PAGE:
Happy New Year, Refashioners!
I’m going to start the year off with an extended series of posts showing the holiday wardrobe I made/acquired for my trip to Kenya last month. Spoiler alert: there are trillions of pictures #sorrynotsorry
First off is an outfit that was invaluable when exploring this beautiful country. I started with this vintage blouse that I picked up on a trip to Budapest last year. It has broderie anglaise style lace around the neck and arms and down the button placket, so pretty. Unfortunately it was a bit too big.
I bought this in a vintage shop (below), not a charity shop, so prices were a little more than I am used to. I paid 3500 Hungarian Forints for it, and left feeling a little ripped off (I did not haggle; I’m British). On actually checking my mental arithmetic using a calculator, it turned out to be only £9.50 so not really a big deal. The shop was quite cute with lots of unusual vintage gear, including loads of bags and hats. Unfortunately my luggage space was limited!
Turns out that Hungarians love second hand clothes shops and I spotted several of them on my travels. I was a little disappointed to realise that most were full of clothes from the British high street, but still enjoyed having a rummage. I did memorise the Hungarian for ‘second-hand clothes’ before I went over (in case you wondered, it’s ‘használt ruha’) to help me find suitable shops.
Anyway… I digress. To complete the outfit, I selected this vintage Benetton skirt in the Age UK shop in Middlesbrough (from the sublime to the ridiculous…)
There isn’t a before pic of the skirt (sorry) as I didn’t really alter it much, you get the idea from the pictures below. It’s made from this incredible 100% cotton fabric printed with vintage French maps. Over the maps are palm leaves and tropical flowers. It fit the retro Africa vibe of my holiday wardrobe perfectly.
The overall look I’m aiming for is “Dirty Dancing Baby in slightly more grown-up vintage outfit”.
The shirt was marked 36, but 36 what I don’t know.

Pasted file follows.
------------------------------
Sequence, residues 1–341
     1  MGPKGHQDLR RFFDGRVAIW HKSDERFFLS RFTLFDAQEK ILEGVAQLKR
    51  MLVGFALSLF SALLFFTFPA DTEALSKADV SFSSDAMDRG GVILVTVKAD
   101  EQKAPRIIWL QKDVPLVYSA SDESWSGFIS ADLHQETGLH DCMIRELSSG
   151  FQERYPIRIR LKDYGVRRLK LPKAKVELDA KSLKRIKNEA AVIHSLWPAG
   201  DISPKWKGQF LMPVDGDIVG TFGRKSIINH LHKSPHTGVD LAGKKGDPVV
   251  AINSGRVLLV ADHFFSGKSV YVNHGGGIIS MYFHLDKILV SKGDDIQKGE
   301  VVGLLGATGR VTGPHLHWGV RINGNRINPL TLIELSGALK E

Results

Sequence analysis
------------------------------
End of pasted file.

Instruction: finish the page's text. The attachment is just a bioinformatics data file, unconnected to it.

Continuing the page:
I ended up cutting rather a large chunk out of both sides.
I also sewed on a couple of the buttons that had fallen off in the process.
Here’s a close up of the lace. It’s gorgeous!
All I did to the skirt was to take it up about 10cm.
Here’s me in my best ‘Baby’ pose to show you how it turned out.
The white cotton-mix fabric was great against tanned skin (don’t laugh, yes this is me with a tan).
Showing off the map and palm leaf print in front of some real Kenyan palms!
I forgot to mention – it has pockets!
I wore the skirt as part of my ‘explorer’ outfit many times on my trip. Also essential to any explorer outfit is a large hat; this one is straw with wire around the brim to keep it under control.
Here I am exploring the ruins of the 15th century Mosque at Mnarani.There are actually two swahili mosques on this site (it being the highest point for miles around) but they were destroyed by the Galla in the early 17th century.
This is the Mihrab of the larger mosque.
On the same site is the biggest Baobob tree in Kenya (or oldest, or something). Our guide told us it was 700 years old. It was certainly very big.
We also learned rather a lot about snakes… there is a reptile sanctuary next door where they have some of the most dangerous snakes in the world, including the black mamba, whose bite can kill a person in 2 hours flat (total nervous system paralysis in 30 minutes). Luckily, the only one they let you handle is the relatively friendly rock python, which is thankfully not venomous. Handling snakes was definitely a new thing for me. In case you are wondering, the skin feels dry and they are pure muscle underneath that.
One hotel we stayed at had a butterfly house where you could go and look around and learn about butterflies. Obviously this demanded the return of the explorer outfit.
Imagine my delight to learn they really do use that funny shaped net to catch the butterflies.
We also learned all about their unique life cycle.
…to butterfly! Rather like some of the transformations on this blog, don’t you think?